The 150th anniversary of President-Elect Lincoln‘s tense arrival in Washington has provoked several evocative blog posts.
Ted Widmer, director of the John Carter Brown Library at Brown University, provides a comprehensive decscription about Lincoln’s travels for the “Disunion” blog at the New York Times. Through several posts (see especially 2/10, 2/21 and 2/22) Widmer traces the route from Springfield to Washington and illustrates the ups and downs of the emotional journey. Though Lincoln never wrote about this trip, his secretary John Nicolay conveyed the following:
“It is hard for anyone who had not had the chance of personal observation to realize the mingled excitement and apprehension, elation and fatigue which Mr. Lincoln… underwent… during this memorable trip from Springfield to Washington.”
Historian Harold Holzer also authored a vivid post for “Disunion” on the anniversary of the President-Elect’s arrival in Washington. Holzer gathers inspiration from the close parallels between Lincoln’s trip and President Obama’s recent pre-inaugural journey. However, he says, “Most Americans overlooked a critical historical irony.” President-elect Obama enjoyed record-breaking crowds on the way to his inauguration while president-elect Lincoln was met by a single friend. “Lincoln made the final leg of his journey in total secrecy,” Holzer writes, “in the dead of night, disguised to avoid detection and at one point sleeping near a woman who was not his wife.”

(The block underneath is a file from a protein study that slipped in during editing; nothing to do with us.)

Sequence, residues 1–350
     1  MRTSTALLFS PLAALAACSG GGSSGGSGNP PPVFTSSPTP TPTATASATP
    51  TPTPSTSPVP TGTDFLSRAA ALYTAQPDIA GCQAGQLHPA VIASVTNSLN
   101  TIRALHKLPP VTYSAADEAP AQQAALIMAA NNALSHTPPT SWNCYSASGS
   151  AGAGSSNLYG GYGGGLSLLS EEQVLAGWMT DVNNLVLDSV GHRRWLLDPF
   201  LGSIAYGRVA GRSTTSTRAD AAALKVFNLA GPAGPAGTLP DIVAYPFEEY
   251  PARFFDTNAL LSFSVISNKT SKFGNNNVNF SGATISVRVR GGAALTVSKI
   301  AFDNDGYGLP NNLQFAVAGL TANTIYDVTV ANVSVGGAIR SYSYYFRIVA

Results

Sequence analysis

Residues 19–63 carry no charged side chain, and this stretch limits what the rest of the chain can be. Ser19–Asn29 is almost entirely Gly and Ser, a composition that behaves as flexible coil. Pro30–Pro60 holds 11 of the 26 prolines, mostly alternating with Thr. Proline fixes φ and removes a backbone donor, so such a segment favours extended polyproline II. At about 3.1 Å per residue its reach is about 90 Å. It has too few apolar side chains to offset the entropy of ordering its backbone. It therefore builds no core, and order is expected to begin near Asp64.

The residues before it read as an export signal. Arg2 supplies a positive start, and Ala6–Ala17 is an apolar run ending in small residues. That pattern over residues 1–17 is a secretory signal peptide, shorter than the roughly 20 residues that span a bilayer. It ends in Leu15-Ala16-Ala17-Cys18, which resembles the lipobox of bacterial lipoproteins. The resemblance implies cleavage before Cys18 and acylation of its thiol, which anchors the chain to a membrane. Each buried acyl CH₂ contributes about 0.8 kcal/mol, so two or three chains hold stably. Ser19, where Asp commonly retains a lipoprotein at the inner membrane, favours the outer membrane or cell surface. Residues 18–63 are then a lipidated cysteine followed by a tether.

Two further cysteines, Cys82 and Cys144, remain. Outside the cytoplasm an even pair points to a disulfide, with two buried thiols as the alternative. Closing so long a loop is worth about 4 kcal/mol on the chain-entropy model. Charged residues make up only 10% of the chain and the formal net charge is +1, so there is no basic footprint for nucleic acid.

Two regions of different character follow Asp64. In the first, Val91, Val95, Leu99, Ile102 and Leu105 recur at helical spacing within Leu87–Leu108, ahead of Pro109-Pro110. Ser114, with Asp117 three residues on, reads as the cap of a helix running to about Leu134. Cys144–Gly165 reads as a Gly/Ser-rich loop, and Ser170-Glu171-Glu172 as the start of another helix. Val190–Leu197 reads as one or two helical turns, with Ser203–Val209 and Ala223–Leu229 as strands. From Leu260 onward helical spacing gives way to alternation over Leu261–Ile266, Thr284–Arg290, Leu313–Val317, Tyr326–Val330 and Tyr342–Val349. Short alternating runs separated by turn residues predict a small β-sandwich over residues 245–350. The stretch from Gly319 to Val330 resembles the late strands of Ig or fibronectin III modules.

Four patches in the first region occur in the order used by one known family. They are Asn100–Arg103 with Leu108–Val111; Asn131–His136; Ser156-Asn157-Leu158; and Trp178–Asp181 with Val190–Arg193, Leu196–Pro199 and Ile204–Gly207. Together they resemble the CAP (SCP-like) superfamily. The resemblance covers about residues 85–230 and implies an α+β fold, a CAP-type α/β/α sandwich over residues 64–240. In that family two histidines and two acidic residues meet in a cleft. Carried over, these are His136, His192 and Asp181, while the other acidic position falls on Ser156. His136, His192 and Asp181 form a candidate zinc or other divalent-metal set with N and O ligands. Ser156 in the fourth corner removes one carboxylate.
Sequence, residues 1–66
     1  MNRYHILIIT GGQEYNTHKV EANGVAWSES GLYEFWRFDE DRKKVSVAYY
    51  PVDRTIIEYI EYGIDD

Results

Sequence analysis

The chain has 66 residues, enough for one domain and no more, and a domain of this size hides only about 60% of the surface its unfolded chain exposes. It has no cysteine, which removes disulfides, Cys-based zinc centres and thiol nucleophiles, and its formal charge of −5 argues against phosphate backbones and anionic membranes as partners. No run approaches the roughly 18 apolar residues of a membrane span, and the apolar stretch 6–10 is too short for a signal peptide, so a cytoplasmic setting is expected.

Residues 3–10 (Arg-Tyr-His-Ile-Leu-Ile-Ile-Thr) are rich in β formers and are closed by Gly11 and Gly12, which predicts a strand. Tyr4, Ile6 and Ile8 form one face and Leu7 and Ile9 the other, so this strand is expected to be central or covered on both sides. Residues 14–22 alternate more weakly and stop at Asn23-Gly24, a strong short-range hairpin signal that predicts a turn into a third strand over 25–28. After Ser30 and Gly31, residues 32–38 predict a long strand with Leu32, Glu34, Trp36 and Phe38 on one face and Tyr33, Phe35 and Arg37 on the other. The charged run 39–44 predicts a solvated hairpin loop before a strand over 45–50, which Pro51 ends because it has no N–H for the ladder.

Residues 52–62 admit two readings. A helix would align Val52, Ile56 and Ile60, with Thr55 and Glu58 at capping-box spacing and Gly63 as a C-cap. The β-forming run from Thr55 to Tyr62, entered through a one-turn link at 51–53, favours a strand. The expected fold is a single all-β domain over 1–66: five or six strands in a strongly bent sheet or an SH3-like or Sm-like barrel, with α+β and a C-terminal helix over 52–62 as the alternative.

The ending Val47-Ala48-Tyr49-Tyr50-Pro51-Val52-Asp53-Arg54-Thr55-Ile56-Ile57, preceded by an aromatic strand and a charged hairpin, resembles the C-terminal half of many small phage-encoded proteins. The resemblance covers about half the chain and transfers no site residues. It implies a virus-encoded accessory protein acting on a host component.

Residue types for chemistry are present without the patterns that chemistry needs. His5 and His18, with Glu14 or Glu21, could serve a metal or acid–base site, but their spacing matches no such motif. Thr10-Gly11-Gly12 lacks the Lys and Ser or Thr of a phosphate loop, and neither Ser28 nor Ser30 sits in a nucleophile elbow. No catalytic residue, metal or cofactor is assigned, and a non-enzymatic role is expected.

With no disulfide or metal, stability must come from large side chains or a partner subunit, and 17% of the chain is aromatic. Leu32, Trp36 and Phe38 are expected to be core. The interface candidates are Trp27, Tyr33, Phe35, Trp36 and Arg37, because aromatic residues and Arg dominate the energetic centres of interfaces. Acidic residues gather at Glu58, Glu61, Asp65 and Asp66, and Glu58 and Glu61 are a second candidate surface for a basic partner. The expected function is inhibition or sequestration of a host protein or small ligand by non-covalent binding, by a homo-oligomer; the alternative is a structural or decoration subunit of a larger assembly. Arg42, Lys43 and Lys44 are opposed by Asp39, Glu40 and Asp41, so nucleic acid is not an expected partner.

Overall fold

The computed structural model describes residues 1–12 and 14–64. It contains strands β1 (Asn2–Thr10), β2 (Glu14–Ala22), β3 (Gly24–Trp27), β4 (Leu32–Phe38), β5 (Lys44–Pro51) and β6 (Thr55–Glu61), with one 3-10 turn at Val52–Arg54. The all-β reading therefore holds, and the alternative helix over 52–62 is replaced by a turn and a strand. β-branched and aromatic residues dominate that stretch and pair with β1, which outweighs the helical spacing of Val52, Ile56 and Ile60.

In a news feature by Brady Dennis re-posted within their own Civil War blog series, The Washington Post compares the nation’s capital from 1860 to city it is today. See “President-elect Lincoln arrived to a less-than-monumental Washington.”